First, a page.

It's rare that a governor calls a special session of the Legislature the week before lawmakers officially resume their new year's duties. But with the possibility of pulling down several hundred million dollars from the Obama administration's $4 billion Race to the Top fund to propel national education reform, the governor is on a mission.
Mr. Bredesen wants to make Tennessee a leading model -- and grant recipient -- for the kind of K-12 reform that the president is seeking to vault American education back into a leadership position in the global community. And the governor intends to do so by revising the state's teacher tenure laws to make tenure contingent on student performance, as measured by increased achievement levels year over year.
That seems to fit the kind of bold, innovative thinking that the Obama administration is seeking to shake up the lax status quo that has left American students trailing European and Asian public schools year after year the last few decades in math, science and language skills.
Yet teachers' 51,000-strong Tennessee Education Association is understandably wary about making student achievement gains the sine qua non, the indispensable element, of reform. A fierce but necessarily quick battle is already underway on that issue, and has been in the run-up to the special session -- which begins today -- since the governor unveiled his proposal for a special session just a few weeks ago. The Jan. 19 deadline for applying for Race to the Top grants unfairly drives the debate schedule, and the governor is also responsible for putting this debate in the vise of that short time-frame.
Teachers have reasonable fears of being ramrodded in the session to make an extravagant concession before the final votes of the special session on Thursday and Friday. They also want to avoid being made targets for a burden and a cause that often are chiefly due to family and social issues, as opposed to a problem of ineffective teaching skills or unsatisfactory teacher effort.
Gov. Bredesen is demanding that teacher evaluations, linked directly to annual student achievement gains, be made 51 percent of the criteria for granting and maintaining a teacher's tenured position. In short, a poor record of student performance -- based on the state's model of value-added testing data -- could be the sole determining factor in whether a teacher is retained or fired.
Teachers have agreed to use students' achievement performance as 35 percent of their evaluation criteria. But they oppose fixing it at 51 percent. That would wholly outweigh the other 49 percent of evaluation criteria, regardless of how a teacher performs in other areas of responsibility, or how prepared an individual teacher's students are to learn.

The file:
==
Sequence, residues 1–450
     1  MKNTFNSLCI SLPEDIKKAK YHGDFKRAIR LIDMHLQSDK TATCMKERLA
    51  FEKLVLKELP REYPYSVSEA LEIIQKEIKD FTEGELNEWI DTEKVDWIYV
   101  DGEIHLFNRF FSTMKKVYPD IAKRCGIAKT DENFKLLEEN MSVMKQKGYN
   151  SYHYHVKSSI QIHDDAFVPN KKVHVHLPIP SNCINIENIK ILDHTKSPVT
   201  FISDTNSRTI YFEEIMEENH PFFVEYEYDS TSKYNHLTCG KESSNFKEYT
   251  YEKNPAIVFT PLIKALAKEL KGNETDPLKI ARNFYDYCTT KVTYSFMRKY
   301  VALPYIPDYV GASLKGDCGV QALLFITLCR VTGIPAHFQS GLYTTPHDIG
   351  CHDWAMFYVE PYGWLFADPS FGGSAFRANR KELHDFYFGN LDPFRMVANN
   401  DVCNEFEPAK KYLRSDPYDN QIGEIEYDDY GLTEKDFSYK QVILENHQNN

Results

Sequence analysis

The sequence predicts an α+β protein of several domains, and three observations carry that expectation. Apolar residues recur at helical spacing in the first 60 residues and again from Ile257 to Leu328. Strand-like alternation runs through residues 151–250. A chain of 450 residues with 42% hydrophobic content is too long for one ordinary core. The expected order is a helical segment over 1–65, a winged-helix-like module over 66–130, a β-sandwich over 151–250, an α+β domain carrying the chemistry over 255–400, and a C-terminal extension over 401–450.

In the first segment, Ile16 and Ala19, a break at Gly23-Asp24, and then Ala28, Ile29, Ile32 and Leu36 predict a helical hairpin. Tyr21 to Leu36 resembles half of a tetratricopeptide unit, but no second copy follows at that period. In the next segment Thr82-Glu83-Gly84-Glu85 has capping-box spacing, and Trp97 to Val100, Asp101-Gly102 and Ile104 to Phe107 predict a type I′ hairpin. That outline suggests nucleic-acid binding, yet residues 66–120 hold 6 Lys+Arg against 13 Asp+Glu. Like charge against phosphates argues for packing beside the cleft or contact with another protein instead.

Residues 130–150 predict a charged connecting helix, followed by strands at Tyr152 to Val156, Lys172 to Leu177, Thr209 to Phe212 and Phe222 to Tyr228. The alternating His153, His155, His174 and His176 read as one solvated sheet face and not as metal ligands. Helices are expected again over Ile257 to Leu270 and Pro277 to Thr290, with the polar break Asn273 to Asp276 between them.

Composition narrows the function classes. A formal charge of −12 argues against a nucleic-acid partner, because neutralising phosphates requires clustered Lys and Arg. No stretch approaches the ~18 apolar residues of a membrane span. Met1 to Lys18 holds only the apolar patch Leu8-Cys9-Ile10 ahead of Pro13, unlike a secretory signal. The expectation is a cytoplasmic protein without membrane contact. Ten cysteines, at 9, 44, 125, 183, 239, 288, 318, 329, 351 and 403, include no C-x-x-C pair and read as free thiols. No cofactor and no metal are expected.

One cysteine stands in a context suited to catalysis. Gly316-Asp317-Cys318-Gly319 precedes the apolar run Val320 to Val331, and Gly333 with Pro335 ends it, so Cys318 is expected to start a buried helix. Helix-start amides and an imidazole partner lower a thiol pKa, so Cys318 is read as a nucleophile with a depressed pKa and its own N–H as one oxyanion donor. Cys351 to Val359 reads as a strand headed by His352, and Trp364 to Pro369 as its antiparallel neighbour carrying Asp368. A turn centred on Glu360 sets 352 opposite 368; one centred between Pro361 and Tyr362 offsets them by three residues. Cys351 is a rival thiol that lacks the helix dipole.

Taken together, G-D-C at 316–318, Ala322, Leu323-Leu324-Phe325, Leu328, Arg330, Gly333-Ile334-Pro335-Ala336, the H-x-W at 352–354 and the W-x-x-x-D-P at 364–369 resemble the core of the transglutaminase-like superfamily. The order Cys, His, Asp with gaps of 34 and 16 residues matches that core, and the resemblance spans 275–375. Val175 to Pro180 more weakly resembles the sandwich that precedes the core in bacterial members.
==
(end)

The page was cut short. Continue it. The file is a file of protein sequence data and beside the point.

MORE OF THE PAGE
Teachers reasonably believe that factors beyond their control also contribute heavily to student achievement, or lack of achievement. These factors relate to family, neighborhood, poverty and social conditions away from school. In fact, myriad studies trace poor student performance not so much to so-called "underperforming schools" and inadequate teachers -- the theme the governor apparently embraces -- but rather to family, neighborhoods and poverty and their influence on learning, self-esteem, motivation and self-responsibility.
Too many children, in fact, are reared and shaped by a parent or parents, or caretakers, who do not read regularly to them, or consistently teach them rudimentary elements of learning -- words, colors, reading, puzzles, numbers, counting, simple games that use basic math or fractions. Indeed, it has become axiomatic that children who start kindergarten or first grade behind their peers due to lack of family-based learning, and encouragement toward learning, will remain behind their peers throughout school if not helped to catch up by the third grade. And even with the best of teachers, many students never catch up -- or keep up.
Making teachers wholly accountable for the ills of society, at least in terms of their job security, is a huge leap. Private schools are able to do that, but they also are able to reject or eject students who do not make a fair effort to advance. Parents who pay private school tuition, as a rule, also are motivated to help and encourage their children to learn. Public schools, rightly, cannot fix such limits on the students they accept.
Tension over the basis for teacher tenure constitutes a reasonable debate. But it would be unfair for the governor and the Legislature to ramrod an unfair change to teacher tenure purely over the 51 percent marker that Gov. Bredesen has wrongly rushed to lay down in just the past few weeks. Republicans may be disposed to side with the governor and whack the teacher' association because of the party's general antipathy to unions and vested interest professional associations. Regardless, teachers deserve more consideration, and fairer treatment.